Ok so the title is a little ‘off’ but equally its not as misleading as we all hope it would be.
Not just today but for many years, a large proportion of women and young girls in America and Europe are starving themselves to look like the models they see on cat walks, fashion magazines and television in the presumed belief that this is what they should look like.
I am sure most people would say they do this also to ‘look good for their man’ or to ‘get a man’ but personally I think some women at least have progressed a lot over the years and they do it to feel good about themselves.
Either way it’s misguided and all the aforementioned sources should be held accountable for their actions.
Personally as a man living in the UK my personal opinion of what looks ‘good’ is an athletic build with a little extra ‘fill’ so as to avoid the muscular ‘stick’ look.
According to viren.swami of the Department of Psychology, University College of London in the UK. research shows us that if we were a bit hungrier things would be different. In parts of the world where food is in short supply men are much more attracted to women with ‘heavier’ figures.
Adobe Photoshop has also taken a lot of abuse over the years, with magazines using it manipulate photo’s of beautiful and make them unrealistic perfect women, to be honest they may as well of just used 3D modeled women given the vast array of changes they make.
Personally I think the hatred of the software by the average Joe and is misplaced and it should of course be directed at the magazines etc that use it but newspapers that pump out this rubbish are after big headlines to get more readers as long as their stories have an element of truth that’s all that seems to matter to them. More readers equals more sales, which is understandable to be fair but I don’t see whats wrong with printing the whole truth as far as is possible.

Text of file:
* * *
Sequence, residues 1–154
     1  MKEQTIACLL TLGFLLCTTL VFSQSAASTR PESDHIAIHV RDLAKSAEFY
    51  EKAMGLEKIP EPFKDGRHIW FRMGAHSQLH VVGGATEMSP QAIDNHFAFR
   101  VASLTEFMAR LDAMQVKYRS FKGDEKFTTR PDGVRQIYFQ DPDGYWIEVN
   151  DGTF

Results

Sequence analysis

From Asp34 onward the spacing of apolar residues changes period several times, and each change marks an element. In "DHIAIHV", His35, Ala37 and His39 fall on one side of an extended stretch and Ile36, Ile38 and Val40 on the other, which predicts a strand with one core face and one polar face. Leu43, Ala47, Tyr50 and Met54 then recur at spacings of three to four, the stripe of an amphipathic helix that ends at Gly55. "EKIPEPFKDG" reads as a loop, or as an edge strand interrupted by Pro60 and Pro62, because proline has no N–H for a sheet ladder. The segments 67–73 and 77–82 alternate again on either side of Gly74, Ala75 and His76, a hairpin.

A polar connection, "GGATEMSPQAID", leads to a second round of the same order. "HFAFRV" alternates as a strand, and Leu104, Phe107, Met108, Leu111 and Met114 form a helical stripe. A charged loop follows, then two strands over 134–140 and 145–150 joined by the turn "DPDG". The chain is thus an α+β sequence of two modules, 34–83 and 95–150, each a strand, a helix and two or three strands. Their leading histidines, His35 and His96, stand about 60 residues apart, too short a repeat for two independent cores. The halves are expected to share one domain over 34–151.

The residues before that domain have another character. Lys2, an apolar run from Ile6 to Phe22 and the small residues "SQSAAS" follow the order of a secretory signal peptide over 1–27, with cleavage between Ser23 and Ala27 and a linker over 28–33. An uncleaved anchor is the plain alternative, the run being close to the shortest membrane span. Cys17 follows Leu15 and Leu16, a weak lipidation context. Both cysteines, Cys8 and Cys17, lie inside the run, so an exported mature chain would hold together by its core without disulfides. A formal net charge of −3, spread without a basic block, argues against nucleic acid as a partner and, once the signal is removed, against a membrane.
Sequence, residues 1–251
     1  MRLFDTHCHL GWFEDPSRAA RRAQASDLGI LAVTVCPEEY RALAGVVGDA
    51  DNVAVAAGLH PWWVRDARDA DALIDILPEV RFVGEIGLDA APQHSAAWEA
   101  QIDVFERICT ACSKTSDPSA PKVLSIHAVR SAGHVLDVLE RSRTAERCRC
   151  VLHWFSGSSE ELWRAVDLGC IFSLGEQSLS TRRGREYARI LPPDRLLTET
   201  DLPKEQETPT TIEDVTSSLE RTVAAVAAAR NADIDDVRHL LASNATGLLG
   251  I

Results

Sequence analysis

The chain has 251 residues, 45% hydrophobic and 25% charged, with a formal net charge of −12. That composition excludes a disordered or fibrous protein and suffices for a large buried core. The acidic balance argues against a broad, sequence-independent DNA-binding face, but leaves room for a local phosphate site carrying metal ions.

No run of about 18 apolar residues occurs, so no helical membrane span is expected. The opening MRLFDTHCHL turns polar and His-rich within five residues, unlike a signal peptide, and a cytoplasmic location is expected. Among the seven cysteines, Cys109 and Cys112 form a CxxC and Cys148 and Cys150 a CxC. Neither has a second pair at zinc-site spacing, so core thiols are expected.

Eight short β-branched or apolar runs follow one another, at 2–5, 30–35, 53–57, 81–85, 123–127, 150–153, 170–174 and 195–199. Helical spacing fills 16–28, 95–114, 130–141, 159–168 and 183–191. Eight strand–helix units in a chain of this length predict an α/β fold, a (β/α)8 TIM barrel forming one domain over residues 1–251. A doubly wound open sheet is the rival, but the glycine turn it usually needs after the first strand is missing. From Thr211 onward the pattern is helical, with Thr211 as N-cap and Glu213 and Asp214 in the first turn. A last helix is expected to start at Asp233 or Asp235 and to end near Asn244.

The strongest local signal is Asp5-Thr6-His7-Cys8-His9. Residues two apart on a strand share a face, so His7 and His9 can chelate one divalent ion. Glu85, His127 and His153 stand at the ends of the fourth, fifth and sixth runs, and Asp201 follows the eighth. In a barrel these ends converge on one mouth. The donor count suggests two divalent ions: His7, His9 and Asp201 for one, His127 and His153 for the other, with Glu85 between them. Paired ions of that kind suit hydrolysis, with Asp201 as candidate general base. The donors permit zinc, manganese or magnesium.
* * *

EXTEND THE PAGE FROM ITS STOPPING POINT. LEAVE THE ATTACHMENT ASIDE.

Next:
In the News
In 2015 model Rosie Nelson was asked to slim “down to the bone” handed a petition to the government calling for better healthcare in the modelling industry.
At the time she was 21 years old, size eight when she was told by a top agency to slim down further.
She said she was “really excited” that her 113,000-signature campaign had attracted so much support. Ms Nelson gave evidence at a parliamentary inquiry into modelling and health issues.
Bullying in schools
Professor Dieter Wolke and Dr Kirsty Lee, in the Department of Psychology, discovered that teenagers who are involved in bullying in any way – from bullies, to their victims, to those who both bully and get bullied – are more likely to develop concerns about their eating and exercise behaviours, and become preoccupied with losing weight.
Almost 2800 adolescents in UK secondary schools were screened for involvement in bullying, through self and peer assessment.
A sample of those involved in bullying – around 800 teenagers – was analysed for eating and exercise thoughts and behaviours, self-esteem levels, body image and emotional wellbeing.
They were asked to complete established questionnaires – such as Rosenberg’s Self-Esteem Scale, the Strengths and Difficulties Questionnaire, the Body Esteem Scale for Adolescents and Adults, and the eating behaviours component of the Child and Adolescent Psychiatric Assessment.